RIOCATH, a revolutionary type of catheter inspired by a snail's eye
(Institute of Organic Chemistry and Biochemistry of the Czech Academy of Sciences (IOCB Prague)) A revolutionary type of catheter, RIOCATH ® (Reversal Inside-Out CATHeterisation), greatly reduces the risk of introducing infection into the body as well as the trauma of sensitive tissues. Clinical trials will begin by the end of this year and the first product market entry is expected in 2019. (Source: EurekAlert! - Infectious and Emerging Diseases)
Source: EurekAlert! - Infectious and Emerging Diseases - May 25, 2018 Category: Infectious Diseases Source Type: news

Bristol Professor awarded £ 1.5 million to look deeper into our cell ’ s quality control mechanism
Professor Christiane Berger-Schaffitzel from the School of Biochemistry has won a £ 1.5 million Wellcome Trust Investigator Award in Science Application to study an essential quality control mechanism in our cells. The mechanism, known as ‘ nonsense-mediated mRNA decay ’ (NMD) is of fundamental importance for cellular function in health and disease. (Source: University of Bristol news)
Source: University of Bristol news - May 24, 2018 Category: Universities & Medical Training Tags: Grants and Awards; Faculty of Biomedical Sciences, School of Biochemistry; Press Release Source Type: news

Painless real-time proteomics may one day speed up cancer surgery
(American Society for Biochemistry and Molecular Biology) Researchers at the University of Lille developed a matrix-assisted ion source for mass spectrometry that can liberate lipids and metabolites from the skin without causing pain. Now, they have optimized protein measurement using this device. The device can be used to differentiated normal from cancerous tissues. (Source: EurekAlert! - Cancer)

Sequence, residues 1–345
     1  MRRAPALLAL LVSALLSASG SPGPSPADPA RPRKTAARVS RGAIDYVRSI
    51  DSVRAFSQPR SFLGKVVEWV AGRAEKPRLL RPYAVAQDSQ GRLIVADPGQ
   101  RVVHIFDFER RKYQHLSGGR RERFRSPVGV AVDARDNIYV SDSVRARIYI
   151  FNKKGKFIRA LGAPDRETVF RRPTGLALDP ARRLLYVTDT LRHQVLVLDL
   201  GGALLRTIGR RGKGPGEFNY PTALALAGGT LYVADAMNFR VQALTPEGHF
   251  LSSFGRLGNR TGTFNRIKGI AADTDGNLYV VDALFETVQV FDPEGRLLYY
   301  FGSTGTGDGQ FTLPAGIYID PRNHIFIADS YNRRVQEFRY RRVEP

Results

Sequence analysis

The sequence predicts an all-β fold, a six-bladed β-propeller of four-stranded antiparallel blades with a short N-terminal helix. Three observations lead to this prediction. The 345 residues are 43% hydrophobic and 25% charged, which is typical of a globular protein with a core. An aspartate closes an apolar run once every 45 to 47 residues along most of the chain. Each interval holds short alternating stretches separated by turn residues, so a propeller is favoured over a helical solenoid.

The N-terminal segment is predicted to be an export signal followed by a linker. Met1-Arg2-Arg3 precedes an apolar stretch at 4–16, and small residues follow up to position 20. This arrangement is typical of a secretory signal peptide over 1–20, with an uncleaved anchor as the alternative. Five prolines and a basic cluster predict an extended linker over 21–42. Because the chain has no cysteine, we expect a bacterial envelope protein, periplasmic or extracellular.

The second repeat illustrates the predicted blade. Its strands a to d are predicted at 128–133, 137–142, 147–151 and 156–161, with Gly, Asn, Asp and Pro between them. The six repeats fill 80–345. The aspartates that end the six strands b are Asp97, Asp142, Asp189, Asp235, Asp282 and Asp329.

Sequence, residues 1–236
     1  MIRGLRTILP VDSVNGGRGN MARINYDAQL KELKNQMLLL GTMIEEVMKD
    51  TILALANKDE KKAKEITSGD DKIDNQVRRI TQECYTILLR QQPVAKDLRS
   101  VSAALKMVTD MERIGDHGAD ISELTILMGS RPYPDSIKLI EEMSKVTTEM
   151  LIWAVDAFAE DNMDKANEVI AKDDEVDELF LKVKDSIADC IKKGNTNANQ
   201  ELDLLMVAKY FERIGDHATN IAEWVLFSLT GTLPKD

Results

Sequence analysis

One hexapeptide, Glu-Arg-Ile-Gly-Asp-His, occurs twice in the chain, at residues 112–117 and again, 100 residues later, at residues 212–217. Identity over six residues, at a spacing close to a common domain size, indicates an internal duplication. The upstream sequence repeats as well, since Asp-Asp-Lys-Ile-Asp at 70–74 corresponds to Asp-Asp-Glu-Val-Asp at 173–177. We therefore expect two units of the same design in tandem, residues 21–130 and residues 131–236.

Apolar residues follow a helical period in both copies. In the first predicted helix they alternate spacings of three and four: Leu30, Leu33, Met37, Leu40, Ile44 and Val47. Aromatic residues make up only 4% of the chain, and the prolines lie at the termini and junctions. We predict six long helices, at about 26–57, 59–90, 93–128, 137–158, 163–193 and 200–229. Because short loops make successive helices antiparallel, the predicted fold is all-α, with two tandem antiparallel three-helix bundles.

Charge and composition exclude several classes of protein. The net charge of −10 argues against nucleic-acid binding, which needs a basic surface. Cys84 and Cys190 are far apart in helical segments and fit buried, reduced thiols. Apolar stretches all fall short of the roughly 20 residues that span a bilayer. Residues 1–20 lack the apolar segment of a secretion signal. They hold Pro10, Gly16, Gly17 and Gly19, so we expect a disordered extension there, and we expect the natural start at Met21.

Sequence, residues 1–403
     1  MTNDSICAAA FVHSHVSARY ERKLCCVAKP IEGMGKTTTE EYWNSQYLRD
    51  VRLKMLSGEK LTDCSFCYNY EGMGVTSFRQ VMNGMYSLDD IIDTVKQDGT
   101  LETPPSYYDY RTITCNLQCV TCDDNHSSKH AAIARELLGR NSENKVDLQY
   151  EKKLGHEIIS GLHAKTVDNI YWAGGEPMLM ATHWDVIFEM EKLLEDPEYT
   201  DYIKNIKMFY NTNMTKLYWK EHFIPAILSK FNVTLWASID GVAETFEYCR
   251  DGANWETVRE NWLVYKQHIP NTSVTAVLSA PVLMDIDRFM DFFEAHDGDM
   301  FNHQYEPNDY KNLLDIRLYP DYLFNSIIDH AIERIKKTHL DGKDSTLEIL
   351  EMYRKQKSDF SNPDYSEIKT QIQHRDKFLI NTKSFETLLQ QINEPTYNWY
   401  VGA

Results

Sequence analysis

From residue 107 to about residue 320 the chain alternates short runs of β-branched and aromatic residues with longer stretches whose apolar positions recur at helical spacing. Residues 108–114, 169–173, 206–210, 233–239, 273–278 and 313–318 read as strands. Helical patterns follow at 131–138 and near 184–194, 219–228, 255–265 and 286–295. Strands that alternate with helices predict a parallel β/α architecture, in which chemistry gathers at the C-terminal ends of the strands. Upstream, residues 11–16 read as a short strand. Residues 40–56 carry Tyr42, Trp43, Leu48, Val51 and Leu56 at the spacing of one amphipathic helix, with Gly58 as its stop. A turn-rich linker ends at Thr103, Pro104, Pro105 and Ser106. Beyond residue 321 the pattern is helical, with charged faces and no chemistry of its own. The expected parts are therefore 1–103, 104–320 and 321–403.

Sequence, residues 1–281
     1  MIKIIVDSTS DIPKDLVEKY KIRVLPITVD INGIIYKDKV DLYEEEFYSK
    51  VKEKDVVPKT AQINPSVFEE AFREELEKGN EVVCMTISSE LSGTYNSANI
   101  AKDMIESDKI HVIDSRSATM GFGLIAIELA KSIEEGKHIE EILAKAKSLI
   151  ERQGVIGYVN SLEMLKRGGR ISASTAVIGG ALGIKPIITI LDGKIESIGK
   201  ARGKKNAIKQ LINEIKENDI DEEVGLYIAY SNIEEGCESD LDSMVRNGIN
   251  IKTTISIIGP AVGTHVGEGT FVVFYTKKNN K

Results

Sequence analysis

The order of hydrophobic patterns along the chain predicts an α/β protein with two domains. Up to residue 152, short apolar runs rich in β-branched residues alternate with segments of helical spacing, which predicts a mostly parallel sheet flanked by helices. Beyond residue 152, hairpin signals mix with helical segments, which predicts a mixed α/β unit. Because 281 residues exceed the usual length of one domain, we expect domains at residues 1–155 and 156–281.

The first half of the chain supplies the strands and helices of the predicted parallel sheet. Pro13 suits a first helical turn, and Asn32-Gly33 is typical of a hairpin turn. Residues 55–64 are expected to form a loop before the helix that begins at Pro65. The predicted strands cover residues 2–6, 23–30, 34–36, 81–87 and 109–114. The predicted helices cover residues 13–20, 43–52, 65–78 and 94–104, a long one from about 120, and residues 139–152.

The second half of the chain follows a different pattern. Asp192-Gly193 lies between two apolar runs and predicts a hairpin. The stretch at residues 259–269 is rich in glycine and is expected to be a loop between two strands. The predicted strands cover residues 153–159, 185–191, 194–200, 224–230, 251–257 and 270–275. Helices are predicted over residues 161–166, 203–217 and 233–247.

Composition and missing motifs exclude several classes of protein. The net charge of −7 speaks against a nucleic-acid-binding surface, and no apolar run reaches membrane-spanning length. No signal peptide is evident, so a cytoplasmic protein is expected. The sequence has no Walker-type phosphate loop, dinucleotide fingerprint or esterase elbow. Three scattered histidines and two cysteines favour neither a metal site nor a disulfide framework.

Source: EurekAlert! - Cancer - May 23, 2018 Category: Cancer & Oncology Source Type: news

Matter: Every Cell in Your Body Has the Same DNA. Except It Doesn ’ t.
The genome obviously varies from person to person. But it can also vary from cell to cell, even within the same individual. The implications of “ mosaicism ” are enormous. (Source: NYT Health)
Source: NYT Health - May 21, 2018 Category: Consumer Health News Authors: CARL ZIMMER Tags: Genetics and Heredity Brain DNA (Deoxyribonucleic Acid) Chromosomes Biology and Biochemistry Harvard University Stanford University Darwin, Charles Robert Source Type: news

Trilobites: The Thing Inside Your Cells That Might Determine How Long You Live
You may have forgotten about the nucleolus since you took biology class, but scientists think this structure inside every cell in your body may play an important role in aging. (Source: NYT Health)
Source: NYT Health - May 20, 2018 Category: Consumer Health News Authors: JOANNA KLEIN Tags: Biology and Biochemistry Longevity Proteins Antebi, Adam Trends in Cell Biology (Journal) Source Type: news